High court to hear military funeral protest case
The father of a Marine killed in Iraq is asking the Supreme Court to reinstate a $5 million verdict against members of a fundamentalist church who picketed his son’s funeral with signs like "Thank God for Dead Soldiers" and "God Hates the USA."
The court is hearing arguments Wednesday in the dispute between Albert Snyder of York, Pa., and members of the Westboro Baptist Church of Topeka, Kan. The case pits Snyder’s right to grieve privately against the church members’ right to say what they want, no matter how offensive.
Westboro members, led by the Rev. Fred Phelps, have picketed many military funerals to make their point that U.S. deaths in Afghanistan and Iraq are punishment for Americans’ immorality, including tolerance of homosexuality and abortion.
They welcome the attention the protests have brought, mocking their critics and vowing not to change their ways whatever the outcome at the Supreme Court.
"No American should ever be required to apologize for following his or her conscience," said Margie Phelps, a daughter of Fred Phelps and the lawyer who is arguing the case for the church.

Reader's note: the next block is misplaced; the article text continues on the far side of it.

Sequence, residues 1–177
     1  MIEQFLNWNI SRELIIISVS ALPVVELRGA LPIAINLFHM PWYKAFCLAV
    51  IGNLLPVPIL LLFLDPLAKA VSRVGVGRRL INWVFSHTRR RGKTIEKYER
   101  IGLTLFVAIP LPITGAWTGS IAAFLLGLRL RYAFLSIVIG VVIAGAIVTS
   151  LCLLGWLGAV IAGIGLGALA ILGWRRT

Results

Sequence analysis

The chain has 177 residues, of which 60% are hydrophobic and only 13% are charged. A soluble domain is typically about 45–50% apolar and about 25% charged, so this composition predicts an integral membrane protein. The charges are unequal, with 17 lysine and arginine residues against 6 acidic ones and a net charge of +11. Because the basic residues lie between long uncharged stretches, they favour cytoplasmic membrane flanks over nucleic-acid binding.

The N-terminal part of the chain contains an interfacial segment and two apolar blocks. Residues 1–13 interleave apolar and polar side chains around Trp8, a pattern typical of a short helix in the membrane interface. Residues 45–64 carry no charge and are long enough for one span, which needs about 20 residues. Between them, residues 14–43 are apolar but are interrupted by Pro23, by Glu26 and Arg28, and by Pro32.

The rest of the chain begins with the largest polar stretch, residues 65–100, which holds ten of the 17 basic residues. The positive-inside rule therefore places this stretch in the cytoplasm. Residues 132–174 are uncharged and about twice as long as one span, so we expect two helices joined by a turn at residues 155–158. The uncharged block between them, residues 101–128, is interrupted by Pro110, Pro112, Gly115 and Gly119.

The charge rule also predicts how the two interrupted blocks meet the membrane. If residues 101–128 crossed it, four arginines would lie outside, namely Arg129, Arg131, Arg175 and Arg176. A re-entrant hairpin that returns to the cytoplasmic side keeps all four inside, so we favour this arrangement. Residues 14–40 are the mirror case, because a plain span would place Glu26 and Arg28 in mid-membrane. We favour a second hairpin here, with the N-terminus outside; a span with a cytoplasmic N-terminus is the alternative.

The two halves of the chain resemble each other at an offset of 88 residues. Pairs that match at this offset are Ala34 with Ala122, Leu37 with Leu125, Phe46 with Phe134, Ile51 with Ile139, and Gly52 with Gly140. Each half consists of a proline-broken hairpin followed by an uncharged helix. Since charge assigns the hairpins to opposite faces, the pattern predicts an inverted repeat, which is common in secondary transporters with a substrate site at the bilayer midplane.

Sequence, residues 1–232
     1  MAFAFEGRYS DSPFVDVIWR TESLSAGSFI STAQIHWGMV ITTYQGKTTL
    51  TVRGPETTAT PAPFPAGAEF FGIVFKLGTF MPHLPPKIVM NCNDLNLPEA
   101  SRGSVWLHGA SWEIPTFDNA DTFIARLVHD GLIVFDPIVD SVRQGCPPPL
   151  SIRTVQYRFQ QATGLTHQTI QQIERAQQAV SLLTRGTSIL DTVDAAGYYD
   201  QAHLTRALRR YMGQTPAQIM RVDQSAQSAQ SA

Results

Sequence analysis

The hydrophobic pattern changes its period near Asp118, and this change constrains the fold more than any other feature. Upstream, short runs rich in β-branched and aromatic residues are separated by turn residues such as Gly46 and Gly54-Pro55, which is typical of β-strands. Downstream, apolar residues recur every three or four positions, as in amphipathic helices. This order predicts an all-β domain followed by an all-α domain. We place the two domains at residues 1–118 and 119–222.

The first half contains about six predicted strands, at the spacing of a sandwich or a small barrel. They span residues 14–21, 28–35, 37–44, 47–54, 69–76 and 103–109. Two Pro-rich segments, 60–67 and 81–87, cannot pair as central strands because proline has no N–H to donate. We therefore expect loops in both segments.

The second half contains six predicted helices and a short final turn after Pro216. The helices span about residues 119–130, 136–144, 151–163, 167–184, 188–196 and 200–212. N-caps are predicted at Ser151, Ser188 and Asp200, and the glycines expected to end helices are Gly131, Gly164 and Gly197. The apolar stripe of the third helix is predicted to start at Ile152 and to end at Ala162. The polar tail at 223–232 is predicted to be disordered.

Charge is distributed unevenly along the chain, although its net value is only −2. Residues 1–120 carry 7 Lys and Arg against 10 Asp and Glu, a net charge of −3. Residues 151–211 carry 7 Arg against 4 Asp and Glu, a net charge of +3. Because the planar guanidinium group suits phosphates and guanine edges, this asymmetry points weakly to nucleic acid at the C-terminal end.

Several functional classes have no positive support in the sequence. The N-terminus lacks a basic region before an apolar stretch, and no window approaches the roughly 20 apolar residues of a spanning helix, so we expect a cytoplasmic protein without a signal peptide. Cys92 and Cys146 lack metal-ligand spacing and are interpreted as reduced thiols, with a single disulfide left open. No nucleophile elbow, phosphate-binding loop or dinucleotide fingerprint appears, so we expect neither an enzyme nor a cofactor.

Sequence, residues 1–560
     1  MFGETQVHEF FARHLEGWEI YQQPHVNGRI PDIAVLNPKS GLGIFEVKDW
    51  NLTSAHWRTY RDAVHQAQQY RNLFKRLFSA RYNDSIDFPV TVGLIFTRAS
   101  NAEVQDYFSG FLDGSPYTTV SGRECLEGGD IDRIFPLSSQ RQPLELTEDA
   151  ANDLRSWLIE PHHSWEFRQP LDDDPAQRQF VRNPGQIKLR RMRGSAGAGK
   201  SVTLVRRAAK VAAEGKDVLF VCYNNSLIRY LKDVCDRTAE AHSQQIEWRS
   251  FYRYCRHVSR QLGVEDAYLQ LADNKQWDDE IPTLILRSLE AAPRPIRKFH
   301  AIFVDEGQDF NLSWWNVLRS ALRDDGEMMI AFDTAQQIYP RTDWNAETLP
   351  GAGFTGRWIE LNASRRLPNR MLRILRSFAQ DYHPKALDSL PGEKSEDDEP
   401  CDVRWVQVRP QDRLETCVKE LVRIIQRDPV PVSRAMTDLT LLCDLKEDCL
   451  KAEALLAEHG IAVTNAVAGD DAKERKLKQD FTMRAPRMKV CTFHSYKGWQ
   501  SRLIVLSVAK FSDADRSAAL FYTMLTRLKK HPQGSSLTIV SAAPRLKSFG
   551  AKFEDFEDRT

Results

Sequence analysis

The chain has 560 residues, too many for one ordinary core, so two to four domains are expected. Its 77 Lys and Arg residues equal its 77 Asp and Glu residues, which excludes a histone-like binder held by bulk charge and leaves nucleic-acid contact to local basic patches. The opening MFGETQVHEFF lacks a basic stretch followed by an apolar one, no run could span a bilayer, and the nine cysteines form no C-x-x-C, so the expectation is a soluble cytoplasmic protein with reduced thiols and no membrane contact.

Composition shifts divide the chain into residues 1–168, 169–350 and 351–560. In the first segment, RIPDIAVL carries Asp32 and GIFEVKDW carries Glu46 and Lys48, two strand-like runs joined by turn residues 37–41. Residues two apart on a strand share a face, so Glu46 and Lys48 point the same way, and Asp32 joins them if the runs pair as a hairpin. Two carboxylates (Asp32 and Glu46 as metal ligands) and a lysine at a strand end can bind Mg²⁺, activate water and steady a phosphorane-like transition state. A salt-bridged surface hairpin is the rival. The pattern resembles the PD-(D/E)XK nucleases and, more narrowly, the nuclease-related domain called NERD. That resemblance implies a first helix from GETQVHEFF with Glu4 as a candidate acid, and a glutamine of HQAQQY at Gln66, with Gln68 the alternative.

Snyder undertook the lawsuit after the Phelpses picketed the funeral of his son, Lance Cpl. Matthew Snyder, in March 2006. The Marine was killed in a Humvee accident.
Snyder won an $11 million verdict against the church for intentional infliction of emotional distress, among other claims. A judge reduced the award to $5 million before the federal appeals court in Richmond, Va., threw out the verdict altogether, citing the church’s First Amendment rights.
For Snyder, the case is not about free speech but harassment. "I had one chance to bury my son and it was taken from me," Snyder said.
Forty-eight states, 42 U.S. senators and veterans groups have sided with Snyder, asking the court to shield funerals from the Phelpses’ "psychological terrorism."
While distancing themselves from the church’s message, media organizations, including The Associated Press, have called on the court to side with the Phelpses because of concerns that a victory for Snyder could erode speech rights.